ARSENIC IN DRINKING WATER
Arsenic in Drinking Water:
Effect on Health
Drinking water can be contaminated with arsenic through natural resources such as soils and rocks, but it also results from human activities. Long-term ingestion of arsenic exposure through drinking water can cause multiple adverse health effects including cardiovascular, pulmonary, immunological, neurological effects and endocrine problems such as diabetes. Ingestion of arsenic-rich water can increase the risk of skin, bladder, liver, lung, and kidney cancer. Arsenic in drinking water is a global problem and multiple studies done all around the world. One of the studies conducted in Bangladesh that confirmed that long-term ingestion of arsenic exposure can cause serious respiratory problems. For example, the occurrence ratio for chronic bronchitis increased with increasing exposure. When arsenic exposure was less than or equal to 600 mg/L, the prevalence ratio was 1.6. When arsenic exposure was increased to 601 to 700 mg/L, the prevalence ratio was 2.7. One study showed bladder cancer and lung cancer mortality rate elevated due to chronic exposure to drinking water. The Standardized Mortality Ratio (SMRs) for bladder cancer in men was 6 and in women 8.2 and for lung cancer, SMR in men was 3.8 and in women 3.1. In one of the cross-sectional study, it showed that rates of spontaneous abortion, stillbirth, and preterm birth were 2.9, 2.24, and 2.54 times higher, respectively, in the exposed group (exposed to arsenic-rich water) compared with unexposed group. This explained that chronic exposure to arsenic contaminated drinking water and prevalence of adverse pregnancy outcomes have positive relationship. The study conducted in Iran explained that drinking arsenic contaminated water can also leads to dermatological lesions, hypertension, and chromosomal abnormalities. Based on study, inorganic arsenic exposure through drinking can also develop type 2 diabetes. Finally, the last study discussed that lowering arsenic exposure can reverse some of the symptoms of arsenosis. Urine test is the best way to test for arsenic exposure compared with blood test, hair test, or nail test. In the United States, all the public water suppliers are required to test their water before supplying. If water is coming from private well, having it checked with laboratory is important to stay away from health problems.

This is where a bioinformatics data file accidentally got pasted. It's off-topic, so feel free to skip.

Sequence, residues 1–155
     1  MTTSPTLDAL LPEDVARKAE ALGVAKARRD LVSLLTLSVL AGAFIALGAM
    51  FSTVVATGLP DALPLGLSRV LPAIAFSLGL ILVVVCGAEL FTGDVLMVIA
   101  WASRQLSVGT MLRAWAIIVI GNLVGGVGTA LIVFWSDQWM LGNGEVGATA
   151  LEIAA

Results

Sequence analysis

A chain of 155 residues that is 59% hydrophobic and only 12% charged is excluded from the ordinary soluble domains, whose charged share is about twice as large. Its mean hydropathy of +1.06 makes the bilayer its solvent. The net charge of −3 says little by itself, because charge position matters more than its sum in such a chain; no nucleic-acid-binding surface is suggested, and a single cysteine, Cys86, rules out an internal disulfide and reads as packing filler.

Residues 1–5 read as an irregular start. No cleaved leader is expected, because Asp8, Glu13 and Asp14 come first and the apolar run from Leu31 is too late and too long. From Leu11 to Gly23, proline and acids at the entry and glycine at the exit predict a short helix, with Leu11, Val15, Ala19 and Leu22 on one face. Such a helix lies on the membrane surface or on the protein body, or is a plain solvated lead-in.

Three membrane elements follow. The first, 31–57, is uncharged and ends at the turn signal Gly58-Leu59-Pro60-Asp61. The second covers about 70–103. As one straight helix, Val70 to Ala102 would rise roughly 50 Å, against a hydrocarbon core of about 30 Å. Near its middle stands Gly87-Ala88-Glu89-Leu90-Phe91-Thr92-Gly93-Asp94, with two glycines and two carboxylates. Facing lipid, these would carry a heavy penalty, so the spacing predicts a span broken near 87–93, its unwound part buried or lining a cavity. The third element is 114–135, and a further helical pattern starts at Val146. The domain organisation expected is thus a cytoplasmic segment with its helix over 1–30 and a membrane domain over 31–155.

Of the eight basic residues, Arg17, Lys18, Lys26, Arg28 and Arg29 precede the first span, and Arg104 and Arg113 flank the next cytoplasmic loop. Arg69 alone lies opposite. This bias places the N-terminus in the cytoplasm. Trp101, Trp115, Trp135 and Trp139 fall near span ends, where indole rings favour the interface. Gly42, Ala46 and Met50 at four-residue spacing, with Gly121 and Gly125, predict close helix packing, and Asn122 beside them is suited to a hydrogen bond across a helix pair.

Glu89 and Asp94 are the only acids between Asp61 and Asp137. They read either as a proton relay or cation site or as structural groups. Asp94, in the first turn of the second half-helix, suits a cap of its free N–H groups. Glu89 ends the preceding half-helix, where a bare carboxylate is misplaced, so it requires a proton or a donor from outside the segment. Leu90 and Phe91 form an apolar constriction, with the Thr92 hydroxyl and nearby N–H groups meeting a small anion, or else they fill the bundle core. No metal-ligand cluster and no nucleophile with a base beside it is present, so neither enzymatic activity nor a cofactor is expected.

Arsenic is a semi-metal element in the periodic table and an element that can be found naturally on earth in small concentrations. Its properties are tasteless and odorless and it’s a steel gray, very brittle, crystalline, and semi-metallic solid. Some of the environmental sources of arsenic include rocks and soil, water, plants, animals, and air. It can be more released into the environment through natural activities such as erosion of rocks and forest fires, volcanic action, or through human actions. There are three forms of arsenic in the environment which are gray, yellow, and black. The most common form is gray arsenic. It has a metal shine and conducts electricity. Yellow form is a poor electrical conductor and does not have a metallic sheen. It is prepared by cooling gray arsenic vapor in liquid air. It returns back to gray form when places at room temperature. Black arsenic can be prepared by cooling arsenic vapor at 100 oC to 200 oC. It is glassy, brittle and a poor electrical conductor. There are two types of arsenic in the environment which are inorganic arsenic and organic arsenic. Inorganic arsenic is found naturally in rocks and soils. Based on the research, organic arsenic found to be safer compared to inorganic arsenic. There are several varied uses of Arsenic; however carefulness should be always taken in every uses since it is a poisonous. The primary use of arsenic is for the protection of wood because it is effective in getting rid of insects, fungi and bacteria. It has...
Arsenic and drinking water
Tests for arsenic in drinking water
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